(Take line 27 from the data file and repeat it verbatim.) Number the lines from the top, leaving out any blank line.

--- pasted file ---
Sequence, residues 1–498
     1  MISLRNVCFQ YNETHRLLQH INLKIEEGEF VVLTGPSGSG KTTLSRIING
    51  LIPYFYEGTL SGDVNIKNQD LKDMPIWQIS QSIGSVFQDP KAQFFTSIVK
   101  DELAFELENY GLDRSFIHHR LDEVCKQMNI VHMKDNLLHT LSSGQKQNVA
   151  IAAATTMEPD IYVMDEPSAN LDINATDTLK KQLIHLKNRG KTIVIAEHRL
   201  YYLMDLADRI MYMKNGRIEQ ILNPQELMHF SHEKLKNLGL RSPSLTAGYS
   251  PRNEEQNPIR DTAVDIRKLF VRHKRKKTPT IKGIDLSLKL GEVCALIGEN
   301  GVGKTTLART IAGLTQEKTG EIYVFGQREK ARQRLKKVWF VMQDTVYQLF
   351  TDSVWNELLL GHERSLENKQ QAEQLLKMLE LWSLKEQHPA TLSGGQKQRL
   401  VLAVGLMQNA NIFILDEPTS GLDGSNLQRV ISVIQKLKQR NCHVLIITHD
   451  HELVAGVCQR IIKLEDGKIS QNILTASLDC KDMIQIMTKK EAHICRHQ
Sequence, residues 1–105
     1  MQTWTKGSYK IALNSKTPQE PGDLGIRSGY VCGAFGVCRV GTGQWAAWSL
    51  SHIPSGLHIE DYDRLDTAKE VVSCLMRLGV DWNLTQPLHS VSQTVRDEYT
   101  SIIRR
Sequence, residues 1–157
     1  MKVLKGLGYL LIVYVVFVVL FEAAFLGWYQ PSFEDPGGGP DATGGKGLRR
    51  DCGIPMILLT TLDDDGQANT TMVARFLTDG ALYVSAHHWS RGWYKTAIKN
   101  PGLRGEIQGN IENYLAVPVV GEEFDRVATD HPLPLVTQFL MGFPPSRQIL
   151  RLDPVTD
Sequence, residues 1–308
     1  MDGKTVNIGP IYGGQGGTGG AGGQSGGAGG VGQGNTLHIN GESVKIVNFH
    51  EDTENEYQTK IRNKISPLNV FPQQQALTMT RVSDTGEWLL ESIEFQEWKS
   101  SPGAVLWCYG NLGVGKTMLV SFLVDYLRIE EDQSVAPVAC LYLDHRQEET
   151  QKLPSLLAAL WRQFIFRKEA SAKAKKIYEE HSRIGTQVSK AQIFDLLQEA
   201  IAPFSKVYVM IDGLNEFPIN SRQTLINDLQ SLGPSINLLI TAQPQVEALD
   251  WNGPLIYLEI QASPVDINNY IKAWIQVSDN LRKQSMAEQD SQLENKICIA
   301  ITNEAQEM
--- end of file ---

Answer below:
   251  WNGPLIYLEI QASPVDINNY IKAWIQVSDN LRKQSMAEQD SQLENKICIA